We decided that at the weekends we would let the schedule relax slightly. We have slightly later bed times, for the children and we have our main meal earlier. At the moment it doesn't make a difference to what time Big Boy gets up in the morning, but as Daddy and I have a lay in on the weekend on alternate days we don't mind getting up early on one of them. During the week we keep things fairly rigid. We find that being scheduled helps us to know what we do and don't have time for and having a routine means that we know what we do on what day.
Along with having our schedule we keep a calender, we have the one in the den which we use to keep track of big events, trips out and events we are celebrating. We also have a smaller calender which is kept by our coats on which we keep track of appointments and regular scheduled dates. Having both calenders is beneficial as the children can see in an instant what we are up to and know if we have something planned that they can look forward to it. Using the smaller calender Daddy and I can keep each other informed of what is going on and we can use it to plan when we are going to go on trips and keep a note of important events too.
Every Sunday we enjoy eating a Roast together, everything apart from the PC is turned off (so that we can listen to music) and we take our time to eat the meal. We talk to each other and giggle and have seconds of the bits we like (normally Roast Potatoes and gray!) and because we have it at an earlier time than during the week it means that on the Sunday we can spend time after dinner playing on the Wii or watching a film. It's really important to us to have this big meal once a week where we are all able to talk together and enjoy each others company. We do the same thing on a Thursday night when Daddy is out at work. It's just a chance to sit together and talk and have fun and be together.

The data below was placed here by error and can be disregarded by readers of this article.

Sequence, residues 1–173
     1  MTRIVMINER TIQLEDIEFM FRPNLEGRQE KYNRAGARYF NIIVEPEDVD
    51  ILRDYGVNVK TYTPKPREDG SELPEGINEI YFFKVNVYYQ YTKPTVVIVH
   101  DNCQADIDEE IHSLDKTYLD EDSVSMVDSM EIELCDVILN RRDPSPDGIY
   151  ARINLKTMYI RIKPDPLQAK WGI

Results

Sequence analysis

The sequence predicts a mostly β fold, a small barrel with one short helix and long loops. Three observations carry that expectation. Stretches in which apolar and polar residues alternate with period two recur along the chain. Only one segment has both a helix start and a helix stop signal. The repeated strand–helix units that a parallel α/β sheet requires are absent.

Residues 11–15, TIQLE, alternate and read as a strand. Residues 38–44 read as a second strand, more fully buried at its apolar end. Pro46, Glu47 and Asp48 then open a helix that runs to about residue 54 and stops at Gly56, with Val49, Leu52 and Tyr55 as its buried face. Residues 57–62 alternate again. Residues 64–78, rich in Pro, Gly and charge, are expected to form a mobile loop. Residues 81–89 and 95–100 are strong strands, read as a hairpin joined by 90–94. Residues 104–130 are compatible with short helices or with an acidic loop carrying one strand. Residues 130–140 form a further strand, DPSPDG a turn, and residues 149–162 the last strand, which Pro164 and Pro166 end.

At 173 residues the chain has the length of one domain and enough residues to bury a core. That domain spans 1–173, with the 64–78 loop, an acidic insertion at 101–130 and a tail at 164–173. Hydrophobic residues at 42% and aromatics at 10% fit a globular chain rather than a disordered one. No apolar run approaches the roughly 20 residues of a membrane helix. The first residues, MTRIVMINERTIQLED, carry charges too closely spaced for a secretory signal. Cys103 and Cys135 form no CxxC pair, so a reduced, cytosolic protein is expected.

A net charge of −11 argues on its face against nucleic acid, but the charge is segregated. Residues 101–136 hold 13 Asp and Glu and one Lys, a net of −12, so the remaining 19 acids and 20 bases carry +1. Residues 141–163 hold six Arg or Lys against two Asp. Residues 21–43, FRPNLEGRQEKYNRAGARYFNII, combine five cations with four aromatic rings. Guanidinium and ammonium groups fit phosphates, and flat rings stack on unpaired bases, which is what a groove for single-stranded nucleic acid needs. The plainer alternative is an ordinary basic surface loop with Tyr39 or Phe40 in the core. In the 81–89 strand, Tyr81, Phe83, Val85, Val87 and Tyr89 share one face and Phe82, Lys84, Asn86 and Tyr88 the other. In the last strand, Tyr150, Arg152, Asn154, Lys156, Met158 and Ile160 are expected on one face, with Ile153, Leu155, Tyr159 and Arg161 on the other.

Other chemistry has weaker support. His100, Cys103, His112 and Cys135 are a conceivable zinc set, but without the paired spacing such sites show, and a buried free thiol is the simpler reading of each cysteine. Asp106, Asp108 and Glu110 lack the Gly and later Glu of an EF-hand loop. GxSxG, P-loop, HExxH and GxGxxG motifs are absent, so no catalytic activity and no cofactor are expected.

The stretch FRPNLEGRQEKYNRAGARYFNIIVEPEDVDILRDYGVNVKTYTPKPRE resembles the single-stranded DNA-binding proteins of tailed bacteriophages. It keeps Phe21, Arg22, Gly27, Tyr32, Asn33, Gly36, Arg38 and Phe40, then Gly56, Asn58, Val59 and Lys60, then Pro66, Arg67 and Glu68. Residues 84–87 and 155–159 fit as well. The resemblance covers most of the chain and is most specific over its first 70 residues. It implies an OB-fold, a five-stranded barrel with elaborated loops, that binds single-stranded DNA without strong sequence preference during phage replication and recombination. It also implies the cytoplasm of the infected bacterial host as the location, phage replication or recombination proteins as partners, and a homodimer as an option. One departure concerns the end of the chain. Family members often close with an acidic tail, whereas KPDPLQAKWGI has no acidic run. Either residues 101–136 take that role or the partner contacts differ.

On Sundays when we have our last family time of the weekend, we make sure that we focus our time on each other and not on playing a computer game or reading or even tweeting! For us it's important that each other is the focus of our attention and whilst it might be that Daddy has to take a work call we know that he is completing it as quickly as he can so that he can be back to spending time with us. It isn't that we don't tweet, or take time out when we are together, it's just that we try not to make it a habit.
Daddy and I like to be able to spend one on one time with both Tops and BB and so we use the Divide and conquer rule. Each of us will spend time with one child, it might be in the evenings before bed when Daddy and Big Boy play Donkey Kong on the Wii whilst Tops and I read or work on a jigsaw together. It might be that Big Boy and I go to the park whilst Daddy and Top Ender spend time together but we get quality time with each child. The other way that we use the divide and conquer rule is to get a lay in, one parent gets up early one day and the other the next, it works well for us.
Getting absorbed into a TV programme is something that happens very easily, and so we reduce the amount of TV that we have on during the weekend and when we are spending time together during the week. It isn't that we think TV is bad, we spend time watching TV together, but we do realise that less TV is more time to spend together. We listen to the radio or to music (we don't have a CD player so we use our PC and we keep a lot of our music digitally these days too) and we find whilst we are interested in the music we listen to we don't block out everything else around us as we do when watching TV.
Creating the Family night on Sunday nights was the last step into making more time for our family. We wanted a way to end the weekend making sure that everyone knew what was important and for us that is family. Spending the time together, enjoying each others company and just being together as a unit.
Those are the seven steps we took to have more time together as a family. Would they work for your family or would you suggest something different to create more quality time with your family?